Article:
• TT302 Paraemheb, overseer of the magazine (Ramesside Period)
  • TT303 Paser, head of the magazine of Amun, Third Prophet of Amun (Ramesside Period)
  • TT304 Piay, scribe of the offering-table of Amun, scribe of the Lord of the Two Lands (Ramesside Period)
  • TT305 Paser, wab-priest in front of Amun (Ramesside Period)
  • TT306 Irdjanen, door-opener of the Amun domain (Ramesside Period)
  • TT307 Thonefer (Ramesside Period)
  • TT332 Penrenutet, chief watchman of the granary of the Amun domain (Ramesside Period)
  • TT333 and TT334 both unknown. (18th Dynasty)
  • TT344 Piay, overseer of the cattle [9][6](Ramesside Period)
  • TT375, TT376, TT377, TT378, and TT379, all unknown[10] (Ramesside Period)
  • TT393 and TT396 unknown (18th Dynasty)
  • TT394 and TT395 unknown (Ramesside Period)

TT (Theban Tomb) 401 to 415[edit]

Tombs discovered then became lost[edit]

Kampp Tombs[edit]

These are tombs that have been discovered and excavated by Friederike Kampp-Seyfried and have been given their designation after her.

Other tombs[edit]

  • The lost Tomb of Nebamun; scientific analysis in 2008-09 indicated the tomb's location somewhere in the vicinity of Dra' Abu el-Naga'[17]
  • Neferhotep, findspot of the Papyrus Boulaq 18
  • It is very likely that the complexes K93.11 and K93.12 can be attributed to king Amenhotep I and his mother Ahmes-Nefertari.[3]
  • the remains of the pyramid of king Nubkheperre Intef (one of the last kings of the 17th dynasty) were discovered and excavated in 2001 [3]
  • tomb of a high court official of Nubkheperre Intef's named Teti [3]


  1. ^ a b c d e f "Dra' Abu el-Naga/Western Thebes". Dra' Abu el-Naga/Western Thebes: An archaeological investigation of a residence necropolis in Upper Egypt (Luxor). Deutsches Archäologisches Institut. Archived from the original on 2008-01-27. Retrieved 2008-01-14.
  2. ^ Institute for the Study of Ancient Culture. "Deir el-Bakhît and the Theban Monastery of St. Paulos". Oeaw.ac.at. Austrian Academy of Sciences.
  3. ^ a b c d "Dra' Abu el-Naga/Western Thebes". Dainst.org. Archived from the original on 27 January 2008. Retrieved 5 February 2022.
  4. ^ a b c d e "The Djehuty Project". Arce.org. Retrieved 14 February 2022.
  5. ^ a b c d "DRA ABU el-NAGA - A New Look at Ancient Egypt @ UPMAA". Penn.museum. Retrieved 14 February 2022.
  6. ^ a b c d e f g h i j k Baikie, James (1932). Egyptian Antiquities in the Nile Valley. Methuen.
  7. ^ "2003 Thebes Ockinga". Egyptology.mq.edu.au. Retrieved 14 February 2022.
  8. ^ a b c d e f g h i j k l m n o p q r s Porter and Moss, Topographical Bibliography: The Theban Necropolis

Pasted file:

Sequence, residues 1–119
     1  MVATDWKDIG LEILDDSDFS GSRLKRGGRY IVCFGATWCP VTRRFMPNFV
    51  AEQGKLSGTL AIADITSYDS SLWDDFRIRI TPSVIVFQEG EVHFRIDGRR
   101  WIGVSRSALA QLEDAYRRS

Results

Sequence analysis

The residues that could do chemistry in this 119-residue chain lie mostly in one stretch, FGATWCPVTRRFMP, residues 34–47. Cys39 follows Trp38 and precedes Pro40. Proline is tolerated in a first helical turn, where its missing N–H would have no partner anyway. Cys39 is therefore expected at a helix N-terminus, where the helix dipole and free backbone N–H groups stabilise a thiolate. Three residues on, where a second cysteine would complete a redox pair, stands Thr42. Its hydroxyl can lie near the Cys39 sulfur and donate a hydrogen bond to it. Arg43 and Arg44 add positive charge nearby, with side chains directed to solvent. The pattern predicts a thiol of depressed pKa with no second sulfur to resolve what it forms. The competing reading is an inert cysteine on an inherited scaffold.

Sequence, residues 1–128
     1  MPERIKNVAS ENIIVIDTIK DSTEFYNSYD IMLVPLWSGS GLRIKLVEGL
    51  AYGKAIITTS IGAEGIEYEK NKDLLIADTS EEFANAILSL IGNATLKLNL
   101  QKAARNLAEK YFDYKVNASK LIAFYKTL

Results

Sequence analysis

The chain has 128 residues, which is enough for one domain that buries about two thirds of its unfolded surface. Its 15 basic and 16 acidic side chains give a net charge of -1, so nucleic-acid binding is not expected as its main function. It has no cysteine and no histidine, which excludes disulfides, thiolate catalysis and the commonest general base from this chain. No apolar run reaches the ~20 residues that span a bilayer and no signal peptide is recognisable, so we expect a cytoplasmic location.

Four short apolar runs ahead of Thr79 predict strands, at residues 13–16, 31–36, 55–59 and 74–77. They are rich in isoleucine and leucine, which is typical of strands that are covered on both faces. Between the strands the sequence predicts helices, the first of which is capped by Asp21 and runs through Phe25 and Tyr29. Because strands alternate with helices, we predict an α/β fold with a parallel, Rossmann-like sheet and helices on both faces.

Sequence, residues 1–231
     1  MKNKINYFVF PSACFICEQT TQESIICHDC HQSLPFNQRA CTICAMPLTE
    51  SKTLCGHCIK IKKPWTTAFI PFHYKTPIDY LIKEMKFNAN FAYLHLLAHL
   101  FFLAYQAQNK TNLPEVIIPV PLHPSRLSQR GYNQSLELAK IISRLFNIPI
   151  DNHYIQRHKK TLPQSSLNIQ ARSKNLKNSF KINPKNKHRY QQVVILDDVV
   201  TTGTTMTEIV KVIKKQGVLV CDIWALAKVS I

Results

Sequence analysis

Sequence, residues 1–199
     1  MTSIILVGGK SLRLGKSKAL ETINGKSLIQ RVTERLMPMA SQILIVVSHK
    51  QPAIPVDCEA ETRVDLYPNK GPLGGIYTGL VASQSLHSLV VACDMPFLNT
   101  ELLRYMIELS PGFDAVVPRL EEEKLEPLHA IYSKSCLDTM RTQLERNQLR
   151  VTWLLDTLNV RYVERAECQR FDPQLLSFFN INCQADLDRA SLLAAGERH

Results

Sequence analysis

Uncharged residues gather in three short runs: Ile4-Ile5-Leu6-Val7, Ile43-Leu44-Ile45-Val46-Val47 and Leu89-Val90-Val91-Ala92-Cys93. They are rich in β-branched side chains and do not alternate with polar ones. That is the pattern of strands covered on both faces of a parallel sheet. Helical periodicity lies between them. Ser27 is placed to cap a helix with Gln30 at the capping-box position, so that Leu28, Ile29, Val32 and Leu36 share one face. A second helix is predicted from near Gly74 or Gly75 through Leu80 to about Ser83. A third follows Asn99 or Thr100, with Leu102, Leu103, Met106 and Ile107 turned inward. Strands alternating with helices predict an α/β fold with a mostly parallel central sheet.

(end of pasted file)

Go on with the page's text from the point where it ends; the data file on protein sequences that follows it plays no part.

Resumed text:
9. ^ "Theban tomb 344". Ucl.ac.uk. Retrieved 14 February 2022.
  10. ^ a b c "Archived copy". euler.slu.edu. Archived from the original on 9 November 2016. Retrieved 5 February 2022.{{cite web}}: CS1 maint: archived copy as title (link)
  11. ^ a b "Mummy Discovered in Ancient Tombs in Egypt". Archived from the original on 2018-02-06. Retrieved 2022-01-21.
  12. ^ "Mummies, Thousand Statues Discovered in Ancient Egyptian Tomb". News.nationalgeographic.com. 2017-04-19. Retrieved 2017-04-21.
  13. ^ "Minister of antiquities reveal the new discovery". 2017-04-18. Archived from the original on 2021-12-21. Retrieved 2017-04-21 – via YouTube.
  14. ^ "Exclusive footage: Amazing new finds by an Egyptian team in Luxor". Luxortimesmagazine.blogspot.nl. Retrieved 2017-04-21.
  15. ^ Blakemore, Erin. "Mummies and More Than 1,000 Statues Found in Egyptian Tomb". Smithsonianmag.com. Retrieved 9 August 2019.
  16. ^ F. Kampp, Die thebanische Nekropole. Zum Wandel des Grabgedankens von der XVIII. bis zur XX. Dynastie, Theben 13.1-2 (Mainz 1996), Vol. II, p. 712
  17. ^ Rainer, Leslie. Reviewed Work: The Nebamun Wall Paintings: Conservation, Scientific Analysis and Display at the British Museum by Andrew Middleton, Ken Uprichard, Studies in Conservation, vol. 55, no. 2, [Taylor & Francis, Ltd., Maney Publishing, International Institute for Conservation of Historic and Artistic Works], 2010, pp. 146–48 "...the location of the tomb and any records about its excavation have been lost, apparently because of the secrecy with which early excavations in Egypt were conducted as excavators and collectors vied for their treasures.... Analytical results... indicate the location of the tomb-chapel of Nebamun in the vicinity of Dra Abu el-Naga."


  • Marilina Betrò, Del Vesco Paolo, Gianluca Miniaci: Seven seasons at Dra Abu El-Naga. The tomb of Huy (TT 14): preliminary results, Progetti 3, Pisa 2009
  • Daniel Polz: Topographical Archaeology in Dra‘ Abu el-Naga - Three Thousand Years of Cultural History, Mitteilungen des Deutschen Archäologischen Instituts, Abt. Kairo, 68, 2012 (2014), pp. 115–134 [1]

Coordinates: 25°44′07″N 32°37′14″E / 25.73528°N 32.62056°E / 25.73528; 32.62056

  1. ^ Polz, Daniel. "Topographical Archaeology in Dra' Abu el-Naga - Three Thousand Years of Cultural History". Mitteilungen des Deutschen Archäologischen Instituts, Abt. Kairo, 68, 2012 (2014), pp. 115-134. Retrieved 14 February 2022.